Ronnie Wood, a longtime acquaintance of the band, began to get closer to the Rolling Stones during these sessions after he invited Mick Taylor to play on his debut album, I've Got My Own Album to Do. Taylor spent some time recording and hanging out at Wood's house The Wick. By chance, Richards was asked one night by Wood's wife at the time, Krissy, to join them at the guitarist's home. While there, Richards recorded some tracks with Wood and quickly developed a close friendship, with Richards going as far as moving into Wood's guest room. Jagger soon entered the mix and it was here that the album's lead single and title track, "It's Only Rock 'n Roll (But I Like It)", was first recorded. Wood worked closely on the track with Jagger, who subsequently took the song and title for their album. The released version of this song features Wood on twelve-string acoustic guitar.

It's Only Rock 'n Roll was Mick Taylor's last album with the Rolling Stones, and he played on just seven of the ten tracks (he did not play on tracks 2, 3, and 6). Similar to receiving no writing credits on the Stones' previous album, Goats Head Soup, Taylor reportedly had made songwriting contributions to "Till the Next Goodbye" and "Time Waits for No One", but on the album jacket, all original songs were credited to Jagger/Richards. Taylor said in 1997:

"I did have a falling out with Mick Jagger over some songs I felt I should have been credited with co-writing on It's Only Rock 'n Roll. We were quite close friends and co-operated quite closely on getting that album made. By that time Mick and Keith weren't really working together as a team so I'd spend a lot of time in the studio."[2]

Taylor's statement contradicts Jagger's earlier comment concerning the album. Jagger stated in a 1995 Rolling Stone interview about "Time Waits for No One" that Taylor "maybe threw in a couple of chords".

Alongside the usual outside contributors, namely Billy Preston, Nicky Hopkins and unofficial member Ian Stewart, Elton John sideman Ray Cooper acted as percussionist for the album. Several songs were finished songs and overdubs and mixing were performed at Jagger's home, Stargroves, in the early summer of 1974.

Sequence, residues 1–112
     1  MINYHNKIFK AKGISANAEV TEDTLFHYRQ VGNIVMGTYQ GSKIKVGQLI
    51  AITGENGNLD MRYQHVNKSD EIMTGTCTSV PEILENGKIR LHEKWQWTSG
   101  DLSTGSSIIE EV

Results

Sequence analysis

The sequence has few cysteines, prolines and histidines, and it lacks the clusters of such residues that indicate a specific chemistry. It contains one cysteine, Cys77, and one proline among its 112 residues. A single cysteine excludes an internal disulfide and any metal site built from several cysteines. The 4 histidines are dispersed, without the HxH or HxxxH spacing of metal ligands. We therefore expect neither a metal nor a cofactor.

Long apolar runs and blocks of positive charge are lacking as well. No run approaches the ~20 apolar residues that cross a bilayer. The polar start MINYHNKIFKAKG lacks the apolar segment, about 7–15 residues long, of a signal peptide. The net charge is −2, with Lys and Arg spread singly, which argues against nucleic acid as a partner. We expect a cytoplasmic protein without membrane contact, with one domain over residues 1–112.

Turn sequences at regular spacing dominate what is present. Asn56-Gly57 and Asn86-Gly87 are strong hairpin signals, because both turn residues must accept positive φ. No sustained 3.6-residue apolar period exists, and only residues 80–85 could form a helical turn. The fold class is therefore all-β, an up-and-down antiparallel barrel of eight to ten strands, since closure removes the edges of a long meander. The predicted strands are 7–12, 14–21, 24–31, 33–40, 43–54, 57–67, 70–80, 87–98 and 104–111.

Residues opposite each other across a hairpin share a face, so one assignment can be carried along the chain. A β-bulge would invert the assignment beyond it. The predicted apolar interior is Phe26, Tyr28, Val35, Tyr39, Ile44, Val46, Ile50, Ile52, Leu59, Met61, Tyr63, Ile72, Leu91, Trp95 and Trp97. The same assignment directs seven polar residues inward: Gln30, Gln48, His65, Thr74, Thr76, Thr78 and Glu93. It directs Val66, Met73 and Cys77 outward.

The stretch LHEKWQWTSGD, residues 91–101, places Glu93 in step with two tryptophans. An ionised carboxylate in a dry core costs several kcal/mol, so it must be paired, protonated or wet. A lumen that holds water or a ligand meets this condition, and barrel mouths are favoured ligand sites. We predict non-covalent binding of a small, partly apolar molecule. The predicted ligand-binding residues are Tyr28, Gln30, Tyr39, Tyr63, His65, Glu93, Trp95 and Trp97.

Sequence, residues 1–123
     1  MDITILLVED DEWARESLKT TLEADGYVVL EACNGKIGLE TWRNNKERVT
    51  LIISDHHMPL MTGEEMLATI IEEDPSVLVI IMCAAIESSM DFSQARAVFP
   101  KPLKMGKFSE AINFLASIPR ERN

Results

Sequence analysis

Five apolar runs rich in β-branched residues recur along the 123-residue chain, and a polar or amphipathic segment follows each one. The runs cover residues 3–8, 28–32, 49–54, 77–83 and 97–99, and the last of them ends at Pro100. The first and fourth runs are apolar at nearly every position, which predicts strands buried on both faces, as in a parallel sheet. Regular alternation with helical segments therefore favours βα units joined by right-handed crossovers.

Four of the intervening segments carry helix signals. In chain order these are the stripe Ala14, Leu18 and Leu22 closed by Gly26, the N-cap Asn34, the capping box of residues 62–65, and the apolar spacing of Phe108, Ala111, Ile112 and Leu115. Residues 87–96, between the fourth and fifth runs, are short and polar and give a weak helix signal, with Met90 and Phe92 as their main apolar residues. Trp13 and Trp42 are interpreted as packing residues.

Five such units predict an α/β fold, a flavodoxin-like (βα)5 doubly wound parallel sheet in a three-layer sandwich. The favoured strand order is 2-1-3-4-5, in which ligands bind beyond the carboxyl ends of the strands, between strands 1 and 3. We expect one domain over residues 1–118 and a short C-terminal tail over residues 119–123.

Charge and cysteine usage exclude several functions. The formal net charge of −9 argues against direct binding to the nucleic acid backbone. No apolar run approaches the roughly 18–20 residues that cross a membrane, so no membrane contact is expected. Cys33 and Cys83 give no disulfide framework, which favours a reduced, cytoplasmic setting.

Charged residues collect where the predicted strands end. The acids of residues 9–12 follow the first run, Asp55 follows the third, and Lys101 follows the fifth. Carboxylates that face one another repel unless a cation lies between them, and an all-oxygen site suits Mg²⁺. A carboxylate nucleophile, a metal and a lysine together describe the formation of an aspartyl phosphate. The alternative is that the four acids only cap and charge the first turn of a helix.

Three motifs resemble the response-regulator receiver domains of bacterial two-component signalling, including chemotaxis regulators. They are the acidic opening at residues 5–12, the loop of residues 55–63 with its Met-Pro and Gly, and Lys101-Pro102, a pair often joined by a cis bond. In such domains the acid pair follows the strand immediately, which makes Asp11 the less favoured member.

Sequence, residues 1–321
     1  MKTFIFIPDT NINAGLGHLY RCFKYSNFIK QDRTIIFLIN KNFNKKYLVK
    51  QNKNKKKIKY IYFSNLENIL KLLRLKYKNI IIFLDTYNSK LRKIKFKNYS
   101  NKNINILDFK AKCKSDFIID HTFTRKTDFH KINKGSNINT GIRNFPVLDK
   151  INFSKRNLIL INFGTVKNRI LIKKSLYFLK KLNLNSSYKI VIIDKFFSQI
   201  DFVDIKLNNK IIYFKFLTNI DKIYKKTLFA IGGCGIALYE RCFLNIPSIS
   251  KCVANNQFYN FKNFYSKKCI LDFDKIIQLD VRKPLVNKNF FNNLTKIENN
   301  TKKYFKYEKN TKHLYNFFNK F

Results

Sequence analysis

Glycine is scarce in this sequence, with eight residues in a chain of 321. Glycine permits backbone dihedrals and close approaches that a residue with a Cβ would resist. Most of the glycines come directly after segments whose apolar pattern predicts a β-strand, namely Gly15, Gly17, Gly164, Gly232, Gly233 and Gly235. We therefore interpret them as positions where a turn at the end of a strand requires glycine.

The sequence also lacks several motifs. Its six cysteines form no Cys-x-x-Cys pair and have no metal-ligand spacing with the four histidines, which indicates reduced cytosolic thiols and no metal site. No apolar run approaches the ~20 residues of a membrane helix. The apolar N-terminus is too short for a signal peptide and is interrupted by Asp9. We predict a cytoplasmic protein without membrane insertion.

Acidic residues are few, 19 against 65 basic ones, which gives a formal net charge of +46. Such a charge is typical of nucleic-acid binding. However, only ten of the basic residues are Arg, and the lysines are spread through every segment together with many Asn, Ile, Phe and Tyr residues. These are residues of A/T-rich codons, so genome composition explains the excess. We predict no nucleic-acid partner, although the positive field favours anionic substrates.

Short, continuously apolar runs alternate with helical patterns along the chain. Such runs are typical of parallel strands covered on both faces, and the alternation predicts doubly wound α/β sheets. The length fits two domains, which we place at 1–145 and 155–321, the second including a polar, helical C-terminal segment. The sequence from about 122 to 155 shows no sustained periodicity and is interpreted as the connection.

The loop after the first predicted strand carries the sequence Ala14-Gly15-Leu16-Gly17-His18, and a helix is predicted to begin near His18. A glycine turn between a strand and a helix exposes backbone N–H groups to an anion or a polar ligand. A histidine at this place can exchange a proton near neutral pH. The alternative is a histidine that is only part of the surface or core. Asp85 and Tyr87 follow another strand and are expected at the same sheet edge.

Release and reception

Professional ratings
Review scores
Source Rating
AllMusic [3]
Robert Christgau B[4]
Džuboks (unfavourable)[5]
The Great Rock Discography 6/10[6]
MusicHound 3/5[7]
NME 6/10[8]
The Rolling Stone Album Guide [9]
Virgin Encyclopedia of Popular Music [6]

In July, the lead single, “It's Only Rock ’n Roll (But I Like It)”, was released, and despite the familiar sound, it surprised many by failing to reach the top 10 in the US (although it did reach the top 10 in the UK). With its sing-along chorus, it has become a staple at Rolling Stones concerts. The B-side “Through the Lonely Nights” dates back to the previous year's Goats Head Soup sessions. A cover of “Ain’t Too Proud to Beg”, originally a 1966 hit by The Temptations, was released as the second single in the US only, where it also became a top 20 hit. Its parent album appeared in October with brisk initial sales, reaching number two in the UK (breaking a string of number-one albums that stretched back to 1969’s Let It Bleed) and number one in the US, where it eventually went platinum.

Reviews were largely positive, with Jon Landau calling It's Only Rock ’n Roll “one of the most intriguing and mysterious, as well as the darkest, of all Rolling Stones records.”[10] However rock critic Lester Bangs disparaged the album in The Village Voice, much like Goats Head Soup, saying, "The Stones have become oblique in their old age, which is just another word for perverse except that perverse is the corniest concept extant as they realized at inception... Soup was friendly and safe. I want the edge and this album doesn't reassure me that I'll get it, what a curious situation to be stuck in, but maybe that's the beauty of the Stones, hah, hah, kid? This album is false. Numb. But it cuts like a dull blade. Are they doing the cutting, or are we?"[11]

Author James Hector added that It's Only Rock ’n Roll was a definitive turning point for the band. “The album marked the band’s decisive entry into a comfortable living as rock's elder statesmen. From this point on, their youth culture importance vanished, and there would be few musical surprises in the future.” Hector concluded with “On It's Only Rock ’n Roll, the band had become what they imagined their mass audience desired them to be. They were wrong.”[12]